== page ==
The aging of asphalt binder is a long-term oxidation process. According to SARA (saturate, aromatic, resin and asphaltene) analysis for binder aging [15,16], oxidative polymerization reaction causes mutual transformation of different components. The lighter aromatics in the binder are transformed into colloids while the polar aromatics into asphaltenes. This chemical process finally leads to a stiffer asphalt binder [17,18]. Most researchers have used accelerated laboratory aging to study the composition and property changes of asphalt binder during aging process. Ji et al. proposed critical aging viscosity as the aging grade index. They divided aging grades according to the relationship between the viscosity of the aged binder and the critical aging viscosity [19]. Kuang divided aging asphalt into three grades by penetration, namely, mild aging, moderate aging and severe aging [20]. It was also found that the penetration of asphalt with severe aging could be restored by adding a rejuvenator and modified asphalt, moderately aged asphalt by adding just a rejuvenator and mildly aged asphalt by only adding some virgin asphalt. F. Mazzotta et al. put forward that the short-term aging simulation should conducted at the equiviscous temperature instead of the standard temperature of 163 °C to overcome the non-homogeneous distribution of the binder on the glass [21].
A number of studies have been conducted to evaluate the aging degree of recycled virgin asphalt and modified asphalt, including SARA analysis, softening point, penetration, ductility, Brookfield viscosity and so on. However, this work has not been put towards developing of quantitative aging grades of RAP binder. Most studies have simulated aging virgin asphalt binder, but not field sourced reclaimed asphalt binder (RAB). In China, as in most other places, there are no uniform standards for using RAP. PMA has been widely used in asphalt pavement [22,23,24], but scholars mainly focused on the study of aging base asphalt RAP. The purpose of this study is to develop a guide for RAP binder aging and grading evaluation for base and polymer-modified asphalt, based on performance tests and analysis of real reclaimed asphalt pavement materials from sixteen different field sections.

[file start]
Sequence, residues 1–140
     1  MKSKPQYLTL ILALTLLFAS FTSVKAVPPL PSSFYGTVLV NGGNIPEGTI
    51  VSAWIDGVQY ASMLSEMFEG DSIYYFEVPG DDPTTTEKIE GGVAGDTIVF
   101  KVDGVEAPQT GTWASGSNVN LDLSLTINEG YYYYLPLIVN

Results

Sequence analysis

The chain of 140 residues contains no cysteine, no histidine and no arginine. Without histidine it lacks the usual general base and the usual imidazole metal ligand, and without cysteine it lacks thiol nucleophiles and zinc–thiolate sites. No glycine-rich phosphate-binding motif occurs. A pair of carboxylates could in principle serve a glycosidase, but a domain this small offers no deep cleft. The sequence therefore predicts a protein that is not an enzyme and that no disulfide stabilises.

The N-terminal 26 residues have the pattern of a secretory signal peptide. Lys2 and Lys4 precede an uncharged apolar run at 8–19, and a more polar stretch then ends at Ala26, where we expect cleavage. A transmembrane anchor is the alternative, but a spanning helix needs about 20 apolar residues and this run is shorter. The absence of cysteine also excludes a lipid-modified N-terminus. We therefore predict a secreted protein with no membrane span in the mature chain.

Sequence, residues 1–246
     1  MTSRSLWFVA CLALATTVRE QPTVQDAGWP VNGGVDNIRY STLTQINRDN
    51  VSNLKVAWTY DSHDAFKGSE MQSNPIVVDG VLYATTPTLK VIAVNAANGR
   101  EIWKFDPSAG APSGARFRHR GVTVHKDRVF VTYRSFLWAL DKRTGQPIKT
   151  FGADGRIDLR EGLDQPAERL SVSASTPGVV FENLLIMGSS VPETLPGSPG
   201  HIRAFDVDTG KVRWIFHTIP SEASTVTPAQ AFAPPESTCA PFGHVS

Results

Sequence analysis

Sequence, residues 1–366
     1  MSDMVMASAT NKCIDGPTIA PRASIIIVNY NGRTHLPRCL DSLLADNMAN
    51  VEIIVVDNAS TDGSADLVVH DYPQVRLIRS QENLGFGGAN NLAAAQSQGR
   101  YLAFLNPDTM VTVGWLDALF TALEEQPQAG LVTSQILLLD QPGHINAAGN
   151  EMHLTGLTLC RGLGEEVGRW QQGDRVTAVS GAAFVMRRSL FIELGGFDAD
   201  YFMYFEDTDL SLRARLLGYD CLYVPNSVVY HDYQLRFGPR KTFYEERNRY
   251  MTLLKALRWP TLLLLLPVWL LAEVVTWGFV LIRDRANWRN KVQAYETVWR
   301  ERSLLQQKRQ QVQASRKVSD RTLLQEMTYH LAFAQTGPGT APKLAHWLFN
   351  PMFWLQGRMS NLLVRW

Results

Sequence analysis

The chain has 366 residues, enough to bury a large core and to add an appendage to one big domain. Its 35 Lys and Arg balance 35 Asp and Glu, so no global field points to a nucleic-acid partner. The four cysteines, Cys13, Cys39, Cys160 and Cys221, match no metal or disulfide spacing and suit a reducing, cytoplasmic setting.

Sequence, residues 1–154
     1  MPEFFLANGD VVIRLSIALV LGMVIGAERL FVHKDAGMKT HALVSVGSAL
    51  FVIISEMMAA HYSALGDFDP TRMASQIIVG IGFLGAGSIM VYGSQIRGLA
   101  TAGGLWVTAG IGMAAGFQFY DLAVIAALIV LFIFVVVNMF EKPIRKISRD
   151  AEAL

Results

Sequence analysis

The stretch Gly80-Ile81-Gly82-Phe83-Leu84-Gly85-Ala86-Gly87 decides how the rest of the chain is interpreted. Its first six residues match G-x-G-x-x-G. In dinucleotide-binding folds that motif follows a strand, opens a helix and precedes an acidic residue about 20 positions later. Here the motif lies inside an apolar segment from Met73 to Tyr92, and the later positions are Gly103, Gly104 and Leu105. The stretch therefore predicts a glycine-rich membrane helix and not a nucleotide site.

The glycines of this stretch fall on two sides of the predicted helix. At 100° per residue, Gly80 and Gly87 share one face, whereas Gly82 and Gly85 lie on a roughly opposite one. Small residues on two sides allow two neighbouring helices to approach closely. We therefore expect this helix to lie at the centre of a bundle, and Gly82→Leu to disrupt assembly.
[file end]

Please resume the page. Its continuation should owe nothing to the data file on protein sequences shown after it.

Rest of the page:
Some studies have attempted to find a comprehensive evaluation method by using investigated data and engineering experience, which could also to some extent decrease laboratory work. In this context, the analytic hierarchy process (AHP) was initially developed, making the most use of field data, laboratory results and experts’ experience, for applications in multicriteria decision making, planning and resource allocation and in conflict resolution [25,26]. In the present time, the AHP has been widely used in the fields of social studies, education, manufacturing and civil engineering due to the process simplifying complex decisions into a series of one-on-one comparisons [27]. It was applied to infrastructure management earlier by S. L. Tighe for comparing seven maintenance, rehabilitation, and reconstruction strategies for asphalt pavements [28]. Guo, Zhang developed a comprehensive evaluation system on the basis of the AHP, by which ratings for asphalt pavement construction quality were generated. The advantage of this system is that it allows experts to assign relative importance between any related pairs of indices [29,30]. Other publications also focused on the application of AHP in determining the reliability index of asphalt pavement construction, the comprehensive performance grades of warm mix asphalt (WMA), and the damage condition of asphalt pavement [31,32,33]. As for the reclaimed asphalt binders, a comprehensive index incorporating the key influencing factors of aging and engineering experience would help divide the RABs into different grades, and help save on laboratory testing work.

2. Materials and Methods

2.1. Reclaimed Asphalt Pavement

Based on the investigations made in southern China, sixteen RAP samples with different service years, surface depths levels and different degrees of damage were chosen for evaluating RAB aging grades. Images of some are shown in Figure 1.
The original design, repair and maintenance documents were available, and examined for each RAP source, noting the binder type, service years and milling depth for the upper, middle and lower surface courses. The typical asphalt pavement structure is shown in Figure 2, with the surface layers indicated approximately. Detailed information is presented in Table 1.